The Intel Atom Processor N280: An In-Depth Review

The Intel Atom Processor N280: An In-Depth Review
Page content

The Intel Atom Family

The Atom processor is Intel’s low-end product aimed towards netbooks. It is not meant to provide cutting edge performance but is instead built with power consumption as a primary concern. A netbook with poor battery life just isn’t much of a netbook. Intel knows this better than anyone.

In this article we’ll take a look at the Intel Atom N280, one of the more popular Atom processors around.


The Intel Atom processors appeared in consumer products in 2008. Some netbooks existed previous to the Atom’s appearance, but they were based off older Intel Celeron processors and generally had poor performance and poor battery life. The Atom was designed to raise performance to an adequate level and also improve battery life.

Intel’s N280 was not part of the first batch of Atom processors. The banner was instead held by the Intel N270 which, although far from the only Atom processor, was the product that was most commonly shipped in netbooks. It had a single core with Hyper-Threading and a clock speed of 1.6 GHz. The Intel N280 was released slightly later as a more powerful version of the same processor, with the primary difference being a slight clock speed boost to 1.66 GHz.

Currently the N280 is on its way out, having been replaced by newer Intel processors in the N4xx line. However, you can still find some older netbooks that use the N280.


The Atom N280 and the Atom N270 were both used in numerous netbooks, so there is a great deal of performance information for them. Because of the small difference between the processors the information about one can be readily applied to other. The overall real-world difference between them is under 5%, so you’re not likely to notice any difference in speed between them.

In general, the Atom N280 is going to be much slower than an Intel Core 2 Duo or AMD Turion X2 laptop. Depending on the speed of the Core 2 Duo/AMD X2 processor in question an the Atom N280 will be 2 to 8 times slower when completing processor intensive tasks. For example, PC World found that the Acer Aspire One took 15 minute and 27 seconds to rip 15 audio tracks, while the powerful Dell Studio 15 required just under 3 minutes to complete the same task.

These performance differences remain when it comes to video playback and gaming. The N280 simply is not capable of playing modern games with very few exceptions. Even titles like Torchlight, a game well known for being easy to run on any PC, will struggle on an N280 based system. HD video can also be problematic on an N280 system. The fact that most N280 based systems only offer an updated variant of Intel’s integrated graphics contributes to the poor gaming and media playback performance.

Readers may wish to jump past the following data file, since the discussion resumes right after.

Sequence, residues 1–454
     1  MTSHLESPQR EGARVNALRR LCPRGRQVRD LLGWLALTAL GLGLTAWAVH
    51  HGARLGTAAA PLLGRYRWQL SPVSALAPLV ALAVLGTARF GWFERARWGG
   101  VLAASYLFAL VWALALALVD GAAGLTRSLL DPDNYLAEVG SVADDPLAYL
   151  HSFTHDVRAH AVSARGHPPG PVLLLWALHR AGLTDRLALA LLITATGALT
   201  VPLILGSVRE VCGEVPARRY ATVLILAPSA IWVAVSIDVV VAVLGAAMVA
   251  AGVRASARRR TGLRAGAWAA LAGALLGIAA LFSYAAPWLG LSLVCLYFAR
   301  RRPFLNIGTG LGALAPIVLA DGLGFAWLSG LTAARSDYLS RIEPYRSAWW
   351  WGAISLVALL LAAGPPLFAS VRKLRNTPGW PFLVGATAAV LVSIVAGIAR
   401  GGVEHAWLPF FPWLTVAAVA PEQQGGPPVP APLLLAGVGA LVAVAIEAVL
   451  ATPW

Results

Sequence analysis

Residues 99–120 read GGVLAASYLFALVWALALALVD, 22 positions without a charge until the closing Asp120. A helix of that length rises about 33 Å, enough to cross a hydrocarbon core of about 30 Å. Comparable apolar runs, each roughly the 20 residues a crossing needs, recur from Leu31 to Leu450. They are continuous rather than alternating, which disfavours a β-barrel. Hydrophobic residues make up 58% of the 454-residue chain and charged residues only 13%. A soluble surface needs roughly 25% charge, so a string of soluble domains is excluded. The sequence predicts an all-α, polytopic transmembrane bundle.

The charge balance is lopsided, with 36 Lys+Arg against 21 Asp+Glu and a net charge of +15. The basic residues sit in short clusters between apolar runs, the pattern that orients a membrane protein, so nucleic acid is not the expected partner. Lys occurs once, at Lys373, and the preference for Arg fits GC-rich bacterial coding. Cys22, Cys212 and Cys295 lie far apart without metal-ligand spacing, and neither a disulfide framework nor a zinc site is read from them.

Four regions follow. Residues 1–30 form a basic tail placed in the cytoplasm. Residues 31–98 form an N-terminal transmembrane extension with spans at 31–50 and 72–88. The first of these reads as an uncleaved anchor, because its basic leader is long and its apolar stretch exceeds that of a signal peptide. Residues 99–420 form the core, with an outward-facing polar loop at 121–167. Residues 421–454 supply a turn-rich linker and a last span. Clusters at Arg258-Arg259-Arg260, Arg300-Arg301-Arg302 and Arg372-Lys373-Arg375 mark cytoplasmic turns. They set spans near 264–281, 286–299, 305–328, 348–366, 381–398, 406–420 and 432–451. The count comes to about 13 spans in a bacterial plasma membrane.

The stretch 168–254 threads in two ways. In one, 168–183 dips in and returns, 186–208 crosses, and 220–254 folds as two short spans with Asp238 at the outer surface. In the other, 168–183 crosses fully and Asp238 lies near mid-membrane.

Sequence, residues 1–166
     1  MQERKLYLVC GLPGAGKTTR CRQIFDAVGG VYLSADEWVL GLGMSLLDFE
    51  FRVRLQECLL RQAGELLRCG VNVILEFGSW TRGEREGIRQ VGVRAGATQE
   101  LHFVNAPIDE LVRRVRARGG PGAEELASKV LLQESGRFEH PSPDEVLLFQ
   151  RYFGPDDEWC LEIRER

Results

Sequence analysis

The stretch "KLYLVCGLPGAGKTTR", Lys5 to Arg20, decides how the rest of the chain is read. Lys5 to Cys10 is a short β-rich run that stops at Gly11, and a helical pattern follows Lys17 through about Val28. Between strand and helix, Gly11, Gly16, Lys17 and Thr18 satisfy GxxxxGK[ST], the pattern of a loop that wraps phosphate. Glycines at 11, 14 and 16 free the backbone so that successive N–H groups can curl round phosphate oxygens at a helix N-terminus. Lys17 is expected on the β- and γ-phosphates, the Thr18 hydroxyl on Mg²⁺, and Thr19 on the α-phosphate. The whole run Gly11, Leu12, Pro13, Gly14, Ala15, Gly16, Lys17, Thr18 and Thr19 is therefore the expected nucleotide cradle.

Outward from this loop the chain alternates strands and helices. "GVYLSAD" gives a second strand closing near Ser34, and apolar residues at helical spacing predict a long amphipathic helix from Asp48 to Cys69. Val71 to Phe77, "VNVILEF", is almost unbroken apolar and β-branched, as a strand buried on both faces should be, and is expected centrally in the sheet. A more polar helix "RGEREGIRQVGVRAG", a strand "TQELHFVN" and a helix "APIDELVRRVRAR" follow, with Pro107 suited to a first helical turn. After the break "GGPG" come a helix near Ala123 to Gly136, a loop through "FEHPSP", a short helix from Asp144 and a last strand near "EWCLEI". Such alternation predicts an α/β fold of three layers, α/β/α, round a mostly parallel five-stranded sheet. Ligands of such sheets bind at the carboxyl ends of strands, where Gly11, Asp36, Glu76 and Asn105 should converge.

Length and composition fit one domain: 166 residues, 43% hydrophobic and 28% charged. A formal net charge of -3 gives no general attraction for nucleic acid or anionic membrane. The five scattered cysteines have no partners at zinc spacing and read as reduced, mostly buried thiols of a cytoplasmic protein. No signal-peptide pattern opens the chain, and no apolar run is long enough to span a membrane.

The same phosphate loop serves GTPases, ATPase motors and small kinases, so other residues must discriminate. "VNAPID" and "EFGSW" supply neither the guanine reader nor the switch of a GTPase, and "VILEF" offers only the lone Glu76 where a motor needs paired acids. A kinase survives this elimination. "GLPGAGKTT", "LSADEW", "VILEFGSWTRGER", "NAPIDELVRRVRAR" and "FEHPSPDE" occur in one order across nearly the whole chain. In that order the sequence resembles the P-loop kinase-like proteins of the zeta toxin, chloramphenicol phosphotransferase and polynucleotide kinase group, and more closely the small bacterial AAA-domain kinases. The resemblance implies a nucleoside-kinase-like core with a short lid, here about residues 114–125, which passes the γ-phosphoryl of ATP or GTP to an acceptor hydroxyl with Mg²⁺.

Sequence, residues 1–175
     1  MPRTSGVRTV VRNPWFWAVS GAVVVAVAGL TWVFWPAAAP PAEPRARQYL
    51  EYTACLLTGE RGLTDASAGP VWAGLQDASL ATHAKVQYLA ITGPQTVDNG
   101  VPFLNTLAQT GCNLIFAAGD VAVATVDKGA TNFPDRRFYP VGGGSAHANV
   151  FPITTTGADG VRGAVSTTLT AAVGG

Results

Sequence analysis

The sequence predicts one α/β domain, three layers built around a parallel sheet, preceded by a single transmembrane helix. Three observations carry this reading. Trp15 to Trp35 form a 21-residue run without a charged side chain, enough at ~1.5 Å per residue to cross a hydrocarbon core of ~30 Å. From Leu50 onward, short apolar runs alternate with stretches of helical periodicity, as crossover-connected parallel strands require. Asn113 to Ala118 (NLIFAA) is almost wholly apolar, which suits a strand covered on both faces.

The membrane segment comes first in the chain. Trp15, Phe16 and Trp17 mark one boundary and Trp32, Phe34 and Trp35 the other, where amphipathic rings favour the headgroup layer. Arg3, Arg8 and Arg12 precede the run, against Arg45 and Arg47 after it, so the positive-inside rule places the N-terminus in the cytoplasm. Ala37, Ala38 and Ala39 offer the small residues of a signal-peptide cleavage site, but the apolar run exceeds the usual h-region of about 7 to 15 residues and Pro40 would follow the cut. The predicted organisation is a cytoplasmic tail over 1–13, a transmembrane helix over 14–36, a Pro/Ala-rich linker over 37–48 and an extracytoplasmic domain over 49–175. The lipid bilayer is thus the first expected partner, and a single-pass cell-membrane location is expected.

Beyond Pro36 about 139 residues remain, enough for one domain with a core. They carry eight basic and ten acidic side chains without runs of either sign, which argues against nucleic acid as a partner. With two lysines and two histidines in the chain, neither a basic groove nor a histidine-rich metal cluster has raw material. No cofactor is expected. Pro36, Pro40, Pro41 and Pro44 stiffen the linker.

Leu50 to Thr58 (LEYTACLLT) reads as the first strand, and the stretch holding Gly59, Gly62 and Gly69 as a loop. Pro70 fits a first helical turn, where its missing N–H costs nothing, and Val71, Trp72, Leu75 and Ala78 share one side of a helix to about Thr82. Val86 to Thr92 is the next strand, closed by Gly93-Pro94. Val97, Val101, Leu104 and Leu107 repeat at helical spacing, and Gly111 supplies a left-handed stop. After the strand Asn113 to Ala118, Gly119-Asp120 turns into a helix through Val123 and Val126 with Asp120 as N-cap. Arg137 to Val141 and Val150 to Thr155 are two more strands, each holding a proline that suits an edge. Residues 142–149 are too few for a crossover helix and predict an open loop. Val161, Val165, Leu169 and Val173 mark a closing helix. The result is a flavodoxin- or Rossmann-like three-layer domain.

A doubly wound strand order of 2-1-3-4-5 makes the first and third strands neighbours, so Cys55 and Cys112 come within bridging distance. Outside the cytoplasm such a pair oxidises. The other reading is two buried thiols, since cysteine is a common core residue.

With that said, the N280 remains adequate for basic tasks like word processing and web surfing. If you do not intend to use an N280 based system as your primary system you should be happy with the performance.

Battery Life

Of course, the Intel Atom N280 isn’t really built for raw performance but rather for battery life. This is a processor that is meant to provide adequate performance for hours longer than a normal Core 2 Duo.

In this area it succeeds. It is not uncommon for netbooks and laptops to ship with 6-cell batteries of similar size. However, netbooks with the Intel Atom N280 can last two to three times longer than a normal laptop. This means a battery life of around 6 to 8 hours instead of 3 to 5 hours.

Common Netbooks with the Intel Atom N280

Toshiba NB205

Here is a list of popular products that use the N280 processor:

  • Acer Aspire One (older models)
  • ASUS Eee PC 1000HE
  • ASUS Eee PC 1005HA
  • ASUS Eee PC 1008HA
  • HP Mini 110
  • HP Mini 5101
  • MSI Wind U Series (older models)
  • Sony P Series (older models)
  • Toshiba Mini NB205


Overall, the Intel Atom N280 is a solid processor choice for users who want a combination of adequate performance and outstanding battery life. The biggest problem with the N280 is simply finding one, as most products use the Intel Atom N270 instead. However, as mentioned, the N270 and N280 are barely different - if you’re interested in netbooks with the N280 you should look at N270 models as well.

However, because the N280 is now an older processor, it is probably best for you to consider other netbooks that include newer Intel Atom processors as well. The new Intel Atom processors in the N4xx series don’t offer a large speed boost over their older cousins, but they do provide moderatly better battery life. In addition, these newer netbooks are newer designs, which usually means that they have better keyboards and trackpads as well as more attractive exteriors.

With that said, don’t let the N280 discourage you if you’re for some reason attached to the design of one of the older netbooks available. The truth is that the Atom processor family is advancing forward very slowly, so you won’t be at a major performance disadvantaged compared to someone with a newer netbook. You can also find great prices on used N280 netbooks.